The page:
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Downtown Montreal is the center of our City. A "centre-ville" full of activities and contrasts. A business district where professionals, law firms, company headquarters chose the most prestigious addresses, the most prominent buildings and the highest floors.
Downtown Montreal is also home to the Ste-Catherine street and to prestigious and reputed stores such Birks, Holt Renfrew, La Baie, Ogilvy and Simons. Also on Ste-Catherine and on its crossing streets, trendy shops, restaurants of all kinds, inviting terraces, animated bars and cosy public squares where shoppers, office workers and students like to stroll.
Left unattended during too many years, a good part of the Faubourg-des-Récollets was plastered by abandoned buildings and large parking areas. But, and since 1993, the Quartier Éphémère is dedicated to recuperating abandoned buildings for artistic purposes and to supporting emerging artists.
Plus, in 1998 the Quebec government launched a vast real estate project in the Faubourg des Récollets. Abandoned nineteenth century factories were recycled and the Cité du Multimédia with its many electronics based technology companies was created.
Bounded by Atwater, Bleury, de la Gauchetière and our Mount-Royal mountain (hill really), the Golden Square Mile was once an exclusive residential neighborhood of an English upper class.
Since the early 20th century, the streets of the Golden Square Mile lined with sumptuous Victorian houses gradually gave way to 5 star hotels and to the contemporary business area of today. Only a few houses from the old era remain, most of which are clustered north of Sherbrooke Street, the Golden Square Mile luxurious main street.
Recognized for being broad minded, animated and eccentric, our Gay Village on Ste-Catherine East and near downtown Montreal is one if not the most famous homosexual village in the world.
Its nightlife is notably active, especially because of events such as the Village Arts Festival that celebrates local creativity, Divers/Cité that celebrates gay pride and the annual LGBTQ+ 11 days film festival.
With its gay restaurants, gay bars, gay clubs, gay friendly hotels, gay shopping and gay travel resources, the Village is very interesting, very commercial and very night-life oriented.
Old Montreal with its buildings dating back to the 1600s is now a privileged living environment where professionals, residents and tourists converge.
The St-Paul street was our first major commercial street, followed by St-James street now called Saint-Jacques street.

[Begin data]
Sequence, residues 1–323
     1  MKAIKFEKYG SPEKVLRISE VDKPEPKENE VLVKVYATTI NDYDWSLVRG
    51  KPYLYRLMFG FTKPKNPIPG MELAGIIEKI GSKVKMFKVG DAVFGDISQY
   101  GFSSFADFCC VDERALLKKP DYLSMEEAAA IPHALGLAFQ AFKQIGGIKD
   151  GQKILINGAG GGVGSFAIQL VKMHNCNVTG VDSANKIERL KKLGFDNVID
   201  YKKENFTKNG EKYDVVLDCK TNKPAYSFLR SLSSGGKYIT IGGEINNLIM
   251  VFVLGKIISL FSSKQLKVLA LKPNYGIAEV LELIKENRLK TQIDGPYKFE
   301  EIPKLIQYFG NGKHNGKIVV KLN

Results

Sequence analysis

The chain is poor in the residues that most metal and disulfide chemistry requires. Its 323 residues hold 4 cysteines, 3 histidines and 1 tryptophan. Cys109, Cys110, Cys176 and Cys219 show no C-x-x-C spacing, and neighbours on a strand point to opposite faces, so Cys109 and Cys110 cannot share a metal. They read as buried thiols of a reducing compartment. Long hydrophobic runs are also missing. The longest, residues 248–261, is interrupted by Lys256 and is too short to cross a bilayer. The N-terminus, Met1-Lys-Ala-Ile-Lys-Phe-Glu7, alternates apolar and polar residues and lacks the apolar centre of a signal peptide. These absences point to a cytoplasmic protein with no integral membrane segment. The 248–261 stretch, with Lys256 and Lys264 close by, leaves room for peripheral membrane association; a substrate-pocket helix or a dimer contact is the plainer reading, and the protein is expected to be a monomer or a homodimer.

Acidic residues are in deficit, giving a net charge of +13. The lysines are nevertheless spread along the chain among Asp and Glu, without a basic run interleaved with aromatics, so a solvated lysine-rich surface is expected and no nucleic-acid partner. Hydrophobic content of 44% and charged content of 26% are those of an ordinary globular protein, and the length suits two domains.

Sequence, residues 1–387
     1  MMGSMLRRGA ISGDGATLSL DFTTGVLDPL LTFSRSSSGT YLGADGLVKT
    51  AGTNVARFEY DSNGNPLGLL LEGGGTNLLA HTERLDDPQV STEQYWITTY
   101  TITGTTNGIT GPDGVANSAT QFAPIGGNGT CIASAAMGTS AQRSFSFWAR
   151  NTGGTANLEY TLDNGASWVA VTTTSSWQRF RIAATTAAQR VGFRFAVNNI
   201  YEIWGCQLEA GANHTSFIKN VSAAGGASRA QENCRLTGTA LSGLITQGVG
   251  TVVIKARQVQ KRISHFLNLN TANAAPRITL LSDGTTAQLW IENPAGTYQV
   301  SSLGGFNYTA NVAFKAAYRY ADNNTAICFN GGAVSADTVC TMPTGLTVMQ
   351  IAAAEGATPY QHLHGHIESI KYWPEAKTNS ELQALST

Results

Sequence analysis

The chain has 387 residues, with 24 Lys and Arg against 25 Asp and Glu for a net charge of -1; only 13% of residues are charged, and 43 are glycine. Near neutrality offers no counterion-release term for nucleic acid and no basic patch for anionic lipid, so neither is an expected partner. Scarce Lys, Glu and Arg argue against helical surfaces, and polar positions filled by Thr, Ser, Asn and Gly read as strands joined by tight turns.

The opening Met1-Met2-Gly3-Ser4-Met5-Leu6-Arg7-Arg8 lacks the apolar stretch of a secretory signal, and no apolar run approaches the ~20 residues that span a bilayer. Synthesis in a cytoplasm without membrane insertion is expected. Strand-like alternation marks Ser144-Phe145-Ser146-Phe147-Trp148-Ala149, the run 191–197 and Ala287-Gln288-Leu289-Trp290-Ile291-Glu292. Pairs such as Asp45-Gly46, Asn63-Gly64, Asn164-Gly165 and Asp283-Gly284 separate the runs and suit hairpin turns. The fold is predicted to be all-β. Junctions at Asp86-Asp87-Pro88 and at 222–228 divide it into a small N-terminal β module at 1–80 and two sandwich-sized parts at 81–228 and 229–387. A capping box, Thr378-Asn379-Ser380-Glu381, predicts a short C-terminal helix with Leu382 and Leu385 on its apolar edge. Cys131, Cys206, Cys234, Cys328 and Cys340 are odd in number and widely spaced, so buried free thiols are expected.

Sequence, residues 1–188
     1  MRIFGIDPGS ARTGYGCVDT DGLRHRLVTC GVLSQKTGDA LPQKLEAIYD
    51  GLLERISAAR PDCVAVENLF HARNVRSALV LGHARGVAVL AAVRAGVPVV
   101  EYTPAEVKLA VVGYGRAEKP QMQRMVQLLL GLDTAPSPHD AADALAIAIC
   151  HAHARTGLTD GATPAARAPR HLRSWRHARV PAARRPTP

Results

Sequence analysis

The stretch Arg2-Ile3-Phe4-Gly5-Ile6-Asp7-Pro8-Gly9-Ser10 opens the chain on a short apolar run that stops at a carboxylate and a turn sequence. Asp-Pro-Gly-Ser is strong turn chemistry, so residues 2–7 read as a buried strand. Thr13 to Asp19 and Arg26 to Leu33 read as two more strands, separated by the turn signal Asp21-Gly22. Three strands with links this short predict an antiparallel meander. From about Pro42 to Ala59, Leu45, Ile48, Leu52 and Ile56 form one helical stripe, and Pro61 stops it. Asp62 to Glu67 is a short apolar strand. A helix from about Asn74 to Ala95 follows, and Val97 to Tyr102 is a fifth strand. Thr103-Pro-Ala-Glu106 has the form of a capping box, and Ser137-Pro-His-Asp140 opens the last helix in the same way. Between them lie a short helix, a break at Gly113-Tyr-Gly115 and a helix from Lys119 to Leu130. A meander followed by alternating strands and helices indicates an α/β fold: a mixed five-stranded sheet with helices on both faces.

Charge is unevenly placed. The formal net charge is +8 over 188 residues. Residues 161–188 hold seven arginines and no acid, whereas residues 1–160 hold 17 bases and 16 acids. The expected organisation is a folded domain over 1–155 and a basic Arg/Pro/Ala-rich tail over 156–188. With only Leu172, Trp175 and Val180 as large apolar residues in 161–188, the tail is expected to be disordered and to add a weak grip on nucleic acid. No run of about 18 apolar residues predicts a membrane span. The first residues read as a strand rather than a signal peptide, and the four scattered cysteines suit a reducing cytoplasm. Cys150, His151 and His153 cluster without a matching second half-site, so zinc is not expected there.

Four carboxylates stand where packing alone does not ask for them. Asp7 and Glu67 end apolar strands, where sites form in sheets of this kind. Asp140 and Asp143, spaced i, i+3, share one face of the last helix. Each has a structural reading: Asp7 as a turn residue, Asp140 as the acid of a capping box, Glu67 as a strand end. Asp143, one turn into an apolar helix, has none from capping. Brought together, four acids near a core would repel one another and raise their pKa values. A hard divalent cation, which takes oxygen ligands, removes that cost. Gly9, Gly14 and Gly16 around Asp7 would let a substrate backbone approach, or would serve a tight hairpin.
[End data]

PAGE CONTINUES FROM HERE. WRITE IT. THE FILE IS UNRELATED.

The Old Montreal obviously refers to the old part of our City with traces of the original French presence such as the old Saint-Sulpice seminary built and 1685 and the Château Ramezay built between 1705 to 1756.
The Place Jacques-Cartier is located in Old Montreal and acts as an entrance to the Port of Montreal. A Place Jacques Cartier bounded to the west by McGill Street, to the east by Berri Street, to the north by St-Antoine Street and to the south by the St-Lawrence River.
Jacques Cartier was born in 1491 in St-Malo and died in 1557 also in St-Malo, a port city in Brittany in the northwest of France. A navigator and explorer, Cartier discovered what is now Canada, the second largest country in the world now divided into ten provinces and three territories from the Atlantic to the Pacific and northward into the Artic Ocean.
Montreal has two ports along the St-Lawrence River, the Old-Port in the Ville-Marie borough and the Port of Montreal in the Mercier-Hochelaga-Maisonneuve borough. The Old Port in the West is now an urban park and a tourist attraction while the Port of Montreal in the East is still a maritime facility.
The mission of the Old Port is to "manage, develop and hold activities on a large urban site dedicated to recreation, tourism and culture". Plus, the site is home to two businesses, the Quays of the Old Port of Montreal and the Montreal Science Centre.
The Port of Montreal is a world-class port connected to more than 140 countries. The Port is also a witness of the creation of Greater Montreal, its economic development and the arrival of immigrants from many different parts of the world.
Located in the Peter-McGill district and surrounded by Sherbrooke, Guy, Atwater Streets and by the Ville-Marie Highway, Shaughnessy Village dates back to the mid-17th century when, in 1663, the King of France gave the territory to the Sulpicians. The Saint-Sulpice Seminary was erected in 1684 on Notre-Dame Street and is still a residence for the Saint-Sulpice priests.
As for the name Shaughnessy, it comes from the name of the president of the Canadian Pacific Railway, Thomas Shaughnessy who, in 1874, built his house in the vicinity of the Village. A house that, in 1974, was declared national historic site and integrated into the Canadian Center for Architecture.
Our Underground City in downtown Montreal dates back to the Place Ville-Marie built in 1962 and to the opening of our Montreal Metro in 1966. An underground city and a convenient and pleasant place to go with its commercial centres, boutiques, shops, hotels and office towers.
Some people think that Montrealers prefer to live underground during the winter, but this is definitely a myth. Most of us enjoy winter and most of us practice more than one winter sport. The snow, the rain, the wind and the cold seldom stop us from going to school, to work, to the gym or from simply enjoy a nice walk.
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